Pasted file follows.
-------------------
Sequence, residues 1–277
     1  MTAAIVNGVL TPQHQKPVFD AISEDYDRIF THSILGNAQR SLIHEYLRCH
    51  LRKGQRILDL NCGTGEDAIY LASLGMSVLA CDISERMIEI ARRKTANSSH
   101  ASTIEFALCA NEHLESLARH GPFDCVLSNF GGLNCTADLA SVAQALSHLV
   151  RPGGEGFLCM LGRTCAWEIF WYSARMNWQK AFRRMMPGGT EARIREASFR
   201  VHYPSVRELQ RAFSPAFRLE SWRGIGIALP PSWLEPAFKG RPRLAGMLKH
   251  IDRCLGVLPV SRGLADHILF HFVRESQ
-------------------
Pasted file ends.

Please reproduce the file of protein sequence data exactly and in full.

Sequence, residues 1–277
     1  MTAAIVNGVL TPQHQKPVFD AISEDYDRIF THSILGNAQR SLIHEYLRCH
    51  LRKGQRILDL NCGTGEDAIY LASLGMSVLA CDISERMIEI ARRKTANSSH
   101  ASTIEFALCA NEHLESLARH GPFDCVLSNF GGLNCTADLA SVAQALSHLV
   151  RPGGEGFLCM LGRTCAWEIF WYSARMNWQK AFRRMMPGGT EARIREASFR
   201  VHYPSVRELQ RAFSPAFRLE SWRGIGIALP PSWLEPAFKG RPRLAGMLKH
   251  IDRCLGVLPV SRGLADHILF HFVRESQ